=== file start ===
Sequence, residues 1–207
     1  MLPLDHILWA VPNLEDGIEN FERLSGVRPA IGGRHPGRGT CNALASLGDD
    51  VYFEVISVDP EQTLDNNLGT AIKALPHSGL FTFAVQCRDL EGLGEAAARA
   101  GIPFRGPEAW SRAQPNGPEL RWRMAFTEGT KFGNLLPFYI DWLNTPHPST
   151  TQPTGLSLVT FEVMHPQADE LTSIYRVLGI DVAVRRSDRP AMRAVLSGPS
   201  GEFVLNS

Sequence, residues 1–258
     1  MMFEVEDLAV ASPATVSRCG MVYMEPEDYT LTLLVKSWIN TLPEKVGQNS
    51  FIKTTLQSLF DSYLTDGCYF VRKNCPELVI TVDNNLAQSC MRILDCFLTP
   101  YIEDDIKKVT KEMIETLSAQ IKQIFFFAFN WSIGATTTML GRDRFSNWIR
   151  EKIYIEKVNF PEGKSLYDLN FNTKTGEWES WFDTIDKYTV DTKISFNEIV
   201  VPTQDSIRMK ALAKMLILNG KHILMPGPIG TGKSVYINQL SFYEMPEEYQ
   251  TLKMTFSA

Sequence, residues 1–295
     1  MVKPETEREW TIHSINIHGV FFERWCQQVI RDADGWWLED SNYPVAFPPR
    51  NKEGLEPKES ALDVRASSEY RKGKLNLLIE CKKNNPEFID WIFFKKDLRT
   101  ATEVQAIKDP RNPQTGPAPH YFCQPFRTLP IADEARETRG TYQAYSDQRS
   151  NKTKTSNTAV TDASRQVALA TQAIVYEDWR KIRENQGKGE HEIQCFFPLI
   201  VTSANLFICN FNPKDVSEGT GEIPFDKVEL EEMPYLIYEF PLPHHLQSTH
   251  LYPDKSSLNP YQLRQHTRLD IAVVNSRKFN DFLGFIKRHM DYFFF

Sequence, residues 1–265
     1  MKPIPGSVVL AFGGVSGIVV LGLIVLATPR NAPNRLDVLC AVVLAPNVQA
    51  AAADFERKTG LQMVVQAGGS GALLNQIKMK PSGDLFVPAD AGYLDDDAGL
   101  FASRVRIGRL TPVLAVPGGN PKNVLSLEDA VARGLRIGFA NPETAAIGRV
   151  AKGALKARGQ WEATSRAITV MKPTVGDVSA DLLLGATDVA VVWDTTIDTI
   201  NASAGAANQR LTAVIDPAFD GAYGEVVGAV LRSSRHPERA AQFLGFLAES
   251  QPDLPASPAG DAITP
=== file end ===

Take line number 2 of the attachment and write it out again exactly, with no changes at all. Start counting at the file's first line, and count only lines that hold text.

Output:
     1  MLPLDHILWA VPNLEDGIEN FERLSGVRPA IGGRHPGRGT CNALASLGDD